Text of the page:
Last night I attended a session where we had four different performers offer routines for the rest of the society to watch and then offer feedback. I was one of the four performers and offered a stage routine that I’ve never done in public before. I decided that that would probably be safest so that it was not something I was particularly attached to, but also so that it could be developed and enhanced by the feedback from the rest of the group. I was pleasantly surprised by the response from the rest of the MEMS and helped by the feedback: not only the content but also the manner in which was offered. I have some new ideas to add to and hopefully enhance the routine.

Stew the Rabbit has not yet been introduced to the MEMS
Stew the Rabbit has not yet been introduced to the MEMS

Feedback is vital if we are to be able to grow. If we don’t know how people are receiving what we are doing it is very difficult for us to know how best to address any deficiencies (and indeed we may not be aware of any deficiencies) or enhance our strengths. But receiving feedback, or at least the thought of it, can be very frightening because we place ourselves in a position of vulnerability. We have probably all experienced feedback that was poorly delivered, was unhelpfully negative or even destructive.

I think giving good feedback is an artform that requires trust on both sides, honesty, tact, humility (and perhaps humour) and a genuine desire to improve and be improved. Good feedback is not personal in its nature; seeks to enhance and build up; is thought through and reflective; and is offered as opinion not fact. That was certainly the nature of the feedback that we received last night. In one of his letters Paul wrote to a church (1 Thessalonians 5:11) that they should:

Encourage one another and build each other up…

That is a foundation for good feedback. This does not mean that we do not offer advice and comments that will identify possible weaknesses but it is not possible to say “that was rubbish” if you are seeking to encourage one another and build each other up. Instead you could say, “Do you think that it would be better if you [insert suggestion]?”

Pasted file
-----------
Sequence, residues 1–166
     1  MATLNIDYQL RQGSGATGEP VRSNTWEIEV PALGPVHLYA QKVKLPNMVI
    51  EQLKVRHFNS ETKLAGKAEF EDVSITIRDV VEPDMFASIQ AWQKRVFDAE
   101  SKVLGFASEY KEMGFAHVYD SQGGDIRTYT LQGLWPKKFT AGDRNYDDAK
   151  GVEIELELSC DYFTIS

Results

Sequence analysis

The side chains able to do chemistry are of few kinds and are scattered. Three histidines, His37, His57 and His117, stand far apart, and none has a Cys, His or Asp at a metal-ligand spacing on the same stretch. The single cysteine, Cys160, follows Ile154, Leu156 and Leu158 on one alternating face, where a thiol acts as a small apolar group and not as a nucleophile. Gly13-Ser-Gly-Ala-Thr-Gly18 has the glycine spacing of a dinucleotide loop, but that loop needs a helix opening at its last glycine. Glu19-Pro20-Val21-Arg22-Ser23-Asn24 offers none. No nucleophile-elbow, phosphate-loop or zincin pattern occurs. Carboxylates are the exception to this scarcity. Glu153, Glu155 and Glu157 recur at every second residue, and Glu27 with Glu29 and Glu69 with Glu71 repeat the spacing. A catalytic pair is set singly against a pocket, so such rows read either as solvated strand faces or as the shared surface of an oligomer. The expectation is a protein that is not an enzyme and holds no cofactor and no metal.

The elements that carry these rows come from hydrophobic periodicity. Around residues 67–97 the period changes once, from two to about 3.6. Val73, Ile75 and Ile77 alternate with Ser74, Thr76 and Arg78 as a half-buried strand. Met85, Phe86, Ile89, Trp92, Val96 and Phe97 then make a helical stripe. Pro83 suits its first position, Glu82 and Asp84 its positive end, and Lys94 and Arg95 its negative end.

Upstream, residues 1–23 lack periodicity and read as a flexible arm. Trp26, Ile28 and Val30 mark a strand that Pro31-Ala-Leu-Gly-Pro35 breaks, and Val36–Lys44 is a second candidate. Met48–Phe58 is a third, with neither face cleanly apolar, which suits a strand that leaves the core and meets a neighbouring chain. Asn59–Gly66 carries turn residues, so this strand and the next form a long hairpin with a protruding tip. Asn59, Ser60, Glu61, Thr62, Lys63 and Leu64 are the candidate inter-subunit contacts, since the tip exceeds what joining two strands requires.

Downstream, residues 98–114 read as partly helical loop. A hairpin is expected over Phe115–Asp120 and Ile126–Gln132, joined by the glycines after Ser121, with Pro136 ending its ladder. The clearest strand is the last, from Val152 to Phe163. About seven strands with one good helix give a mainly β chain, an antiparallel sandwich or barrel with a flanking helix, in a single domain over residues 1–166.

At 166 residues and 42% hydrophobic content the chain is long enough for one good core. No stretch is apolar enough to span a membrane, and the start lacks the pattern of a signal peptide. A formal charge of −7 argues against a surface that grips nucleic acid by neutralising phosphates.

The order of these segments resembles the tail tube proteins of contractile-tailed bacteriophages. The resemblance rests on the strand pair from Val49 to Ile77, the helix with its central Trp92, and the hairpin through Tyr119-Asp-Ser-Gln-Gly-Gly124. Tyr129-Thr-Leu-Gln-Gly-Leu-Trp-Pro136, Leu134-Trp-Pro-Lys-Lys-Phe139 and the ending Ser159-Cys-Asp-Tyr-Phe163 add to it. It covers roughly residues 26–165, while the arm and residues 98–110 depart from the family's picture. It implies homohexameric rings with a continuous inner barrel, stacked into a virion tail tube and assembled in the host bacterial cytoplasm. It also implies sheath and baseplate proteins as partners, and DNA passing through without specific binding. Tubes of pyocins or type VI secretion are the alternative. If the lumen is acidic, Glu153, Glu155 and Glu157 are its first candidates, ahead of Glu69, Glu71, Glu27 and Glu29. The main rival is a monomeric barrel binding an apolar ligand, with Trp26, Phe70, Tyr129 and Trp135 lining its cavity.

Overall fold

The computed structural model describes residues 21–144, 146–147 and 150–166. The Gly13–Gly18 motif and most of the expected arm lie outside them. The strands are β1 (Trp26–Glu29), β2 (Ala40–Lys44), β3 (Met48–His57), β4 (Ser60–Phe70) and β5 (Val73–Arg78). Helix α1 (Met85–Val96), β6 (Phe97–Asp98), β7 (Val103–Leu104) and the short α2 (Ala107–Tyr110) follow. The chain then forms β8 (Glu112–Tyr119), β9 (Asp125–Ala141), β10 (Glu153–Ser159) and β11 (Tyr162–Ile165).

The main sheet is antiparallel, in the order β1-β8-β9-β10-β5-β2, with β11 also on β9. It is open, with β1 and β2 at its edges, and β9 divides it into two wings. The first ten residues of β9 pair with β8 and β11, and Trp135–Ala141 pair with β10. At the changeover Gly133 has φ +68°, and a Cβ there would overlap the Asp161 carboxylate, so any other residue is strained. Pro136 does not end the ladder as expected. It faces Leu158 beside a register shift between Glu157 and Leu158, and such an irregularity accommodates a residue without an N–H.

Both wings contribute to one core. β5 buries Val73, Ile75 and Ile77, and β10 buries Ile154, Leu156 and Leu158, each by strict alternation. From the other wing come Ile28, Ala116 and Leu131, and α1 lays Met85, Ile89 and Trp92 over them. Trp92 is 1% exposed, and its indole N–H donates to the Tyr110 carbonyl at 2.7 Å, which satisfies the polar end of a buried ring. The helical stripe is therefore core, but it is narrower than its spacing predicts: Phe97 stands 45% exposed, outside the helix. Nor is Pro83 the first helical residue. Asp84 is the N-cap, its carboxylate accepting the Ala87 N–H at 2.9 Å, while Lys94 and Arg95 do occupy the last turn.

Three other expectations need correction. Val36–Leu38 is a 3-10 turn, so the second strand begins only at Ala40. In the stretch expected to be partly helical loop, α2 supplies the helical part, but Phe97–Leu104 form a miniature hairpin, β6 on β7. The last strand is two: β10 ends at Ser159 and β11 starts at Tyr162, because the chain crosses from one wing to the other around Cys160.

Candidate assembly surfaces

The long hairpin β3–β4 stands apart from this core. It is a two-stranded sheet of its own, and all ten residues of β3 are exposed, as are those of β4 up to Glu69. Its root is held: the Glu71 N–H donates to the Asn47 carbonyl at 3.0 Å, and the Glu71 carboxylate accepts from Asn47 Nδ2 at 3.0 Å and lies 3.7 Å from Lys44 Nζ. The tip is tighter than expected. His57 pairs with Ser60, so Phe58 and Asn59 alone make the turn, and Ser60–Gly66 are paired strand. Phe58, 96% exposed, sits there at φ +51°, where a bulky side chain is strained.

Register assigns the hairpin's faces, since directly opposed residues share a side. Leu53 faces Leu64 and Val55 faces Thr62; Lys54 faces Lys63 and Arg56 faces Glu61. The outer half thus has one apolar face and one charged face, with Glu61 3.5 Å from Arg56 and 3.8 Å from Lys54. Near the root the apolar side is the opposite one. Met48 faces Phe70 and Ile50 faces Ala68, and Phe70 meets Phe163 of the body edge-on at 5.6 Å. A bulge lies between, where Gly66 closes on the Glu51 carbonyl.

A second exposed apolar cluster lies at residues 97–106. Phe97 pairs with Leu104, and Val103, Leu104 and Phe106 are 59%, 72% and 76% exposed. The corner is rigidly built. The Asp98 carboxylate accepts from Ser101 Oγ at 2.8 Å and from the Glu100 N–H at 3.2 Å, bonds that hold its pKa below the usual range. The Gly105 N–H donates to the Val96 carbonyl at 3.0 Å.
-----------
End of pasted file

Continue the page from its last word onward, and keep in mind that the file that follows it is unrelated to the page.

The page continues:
Next time I am tempted to open my mouth and offer some advice I pray that I will remember that I should encourage and build up.

Be blessed, be a blessing.

These astute visionaries (from Clean Jokes) may need to improve their feedback techniques and expand their vision somewhat.

“But what … is it good for?”
–Engineer at the Advanced Computing Systems Division of IBM, 1968, commenting on the microchip

“This ‘telephone’ has too many shortcomings to be seriously considered as a means of communication. The device is inherently of no value to us.”
–Western Union internal memo, 1876.

“The wireless music box has no imaginable commercial value. Who would pay for a message sent to nobody in particular?”
–David Sarnoff’s associates in response to his urgings for investment in the radio in the1920s.

“We don’t like their sound, and guitar music is on the way out.”
–Decca Recording Co. rejecting the Beatles, 1962.

“Drill for oil? You mean drill into the ground to try and find oil? You’re crazy.”
–Drillers who Edwin L. Drake tried to enlist to his project to drill for oil in 1859.

“Louis Pasteur’s theory of germs is ridiculous fiction.”
–Pierre Pachet, Professor of Physiology at Toulouse, 1872